Of course, if within a short period of time hundreds of thousands, or maybe millions of such illegal aliens turned themselves into authorities, what only partly passes for a working system now would very quickly collapse.  It is nowhere certain and clearly not detailed in any current proposal how any new legalization system would be efficiently administered, either.  The point, however, is that for those long-term illegal aliens who are most commonly depicted in this debate as the ones who would be most grievously and unfairly harmed by strict immigration law enforcement, a legal mechanism is already in place to grant them relief from deportation and residency in the US.  Those devilish details again.
On these two critical and highly-charged issues, the truth needs to be known.  America already has a temporary guest worker program for foreign nationals that can be made to work better with far fewer resources and conflict than any of the “new” proposals under consideration.  And existing US immigration law already provides for legalization to a class of illegal aliens deemed “most deserving.”  We should debate the immigration problems we have and bring order to the chaos.  But those involved need to inject honesty and full understanding into that process.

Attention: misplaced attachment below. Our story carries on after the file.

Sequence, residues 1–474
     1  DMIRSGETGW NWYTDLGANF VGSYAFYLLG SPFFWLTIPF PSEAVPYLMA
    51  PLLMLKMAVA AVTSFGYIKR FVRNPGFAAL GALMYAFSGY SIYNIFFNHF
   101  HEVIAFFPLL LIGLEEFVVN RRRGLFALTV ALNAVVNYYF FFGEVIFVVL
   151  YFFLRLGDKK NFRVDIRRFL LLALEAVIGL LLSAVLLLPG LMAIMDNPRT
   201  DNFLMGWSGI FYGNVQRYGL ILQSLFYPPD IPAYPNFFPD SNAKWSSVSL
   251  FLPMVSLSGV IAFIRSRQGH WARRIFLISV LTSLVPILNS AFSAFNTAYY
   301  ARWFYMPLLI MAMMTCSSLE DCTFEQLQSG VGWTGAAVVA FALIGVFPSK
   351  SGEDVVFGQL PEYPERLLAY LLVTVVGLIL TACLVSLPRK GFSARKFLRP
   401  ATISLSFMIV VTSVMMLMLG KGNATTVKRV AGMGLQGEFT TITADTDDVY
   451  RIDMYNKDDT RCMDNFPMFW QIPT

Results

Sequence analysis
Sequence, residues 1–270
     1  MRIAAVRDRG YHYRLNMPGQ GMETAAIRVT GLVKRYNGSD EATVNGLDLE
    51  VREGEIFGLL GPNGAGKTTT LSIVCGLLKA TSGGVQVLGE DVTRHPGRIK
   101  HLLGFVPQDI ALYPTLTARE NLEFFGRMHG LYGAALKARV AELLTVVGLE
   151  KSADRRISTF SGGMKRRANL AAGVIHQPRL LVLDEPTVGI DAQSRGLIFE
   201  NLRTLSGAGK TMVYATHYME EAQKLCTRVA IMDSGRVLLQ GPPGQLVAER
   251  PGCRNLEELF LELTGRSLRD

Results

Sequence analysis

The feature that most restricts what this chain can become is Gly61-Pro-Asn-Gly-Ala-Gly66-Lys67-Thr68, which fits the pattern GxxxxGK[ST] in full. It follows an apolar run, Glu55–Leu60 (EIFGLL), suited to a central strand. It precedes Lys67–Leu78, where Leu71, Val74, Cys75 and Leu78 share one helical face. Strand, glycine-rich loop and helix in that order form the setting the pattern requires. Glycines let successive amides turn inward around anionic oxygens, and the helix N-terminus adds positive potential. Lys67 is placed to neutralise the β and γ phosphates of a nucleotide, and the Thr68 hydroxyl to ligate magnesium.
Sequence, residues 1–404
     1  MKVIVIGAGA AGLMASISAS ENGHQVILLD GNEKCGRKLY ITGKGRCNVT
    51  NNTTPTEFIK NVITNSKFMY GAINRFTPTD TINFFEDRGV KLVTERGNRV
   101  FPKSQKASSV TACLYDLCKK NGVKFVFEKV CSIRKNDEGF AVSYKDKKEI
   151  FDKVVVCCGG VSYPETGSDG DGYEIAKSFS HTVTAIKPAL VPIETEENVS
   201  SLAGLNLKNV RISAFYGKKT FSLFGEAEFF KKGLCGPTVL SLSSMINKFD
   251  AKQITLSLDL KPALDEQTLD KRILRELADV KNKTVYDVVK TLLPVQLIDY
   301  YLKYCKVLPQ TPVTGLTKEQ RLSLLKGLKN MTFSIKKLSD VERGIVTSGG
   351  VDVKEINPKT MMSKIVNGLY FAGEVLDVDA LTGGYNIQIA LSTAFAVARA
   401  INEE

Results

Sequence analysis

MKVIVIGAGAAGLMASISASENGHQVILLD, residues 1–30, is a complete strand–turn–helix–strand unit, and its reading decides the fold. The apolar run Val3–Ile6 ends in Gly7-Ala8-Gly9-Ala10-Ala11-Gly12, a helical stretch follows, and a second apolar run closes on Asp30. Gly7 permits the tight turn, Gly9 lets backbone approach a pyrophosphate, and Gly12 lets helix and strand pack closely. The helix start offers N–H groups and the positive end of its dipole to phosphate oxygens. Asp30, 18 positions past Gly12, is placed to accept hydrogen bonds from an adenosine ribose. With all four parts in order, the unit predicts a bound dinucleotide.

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Bill West is a retired INS/ICE Supervisory Special Agent who ran organized crime and national security investigations. He is now a counter-terrorism consultant and freelance writer.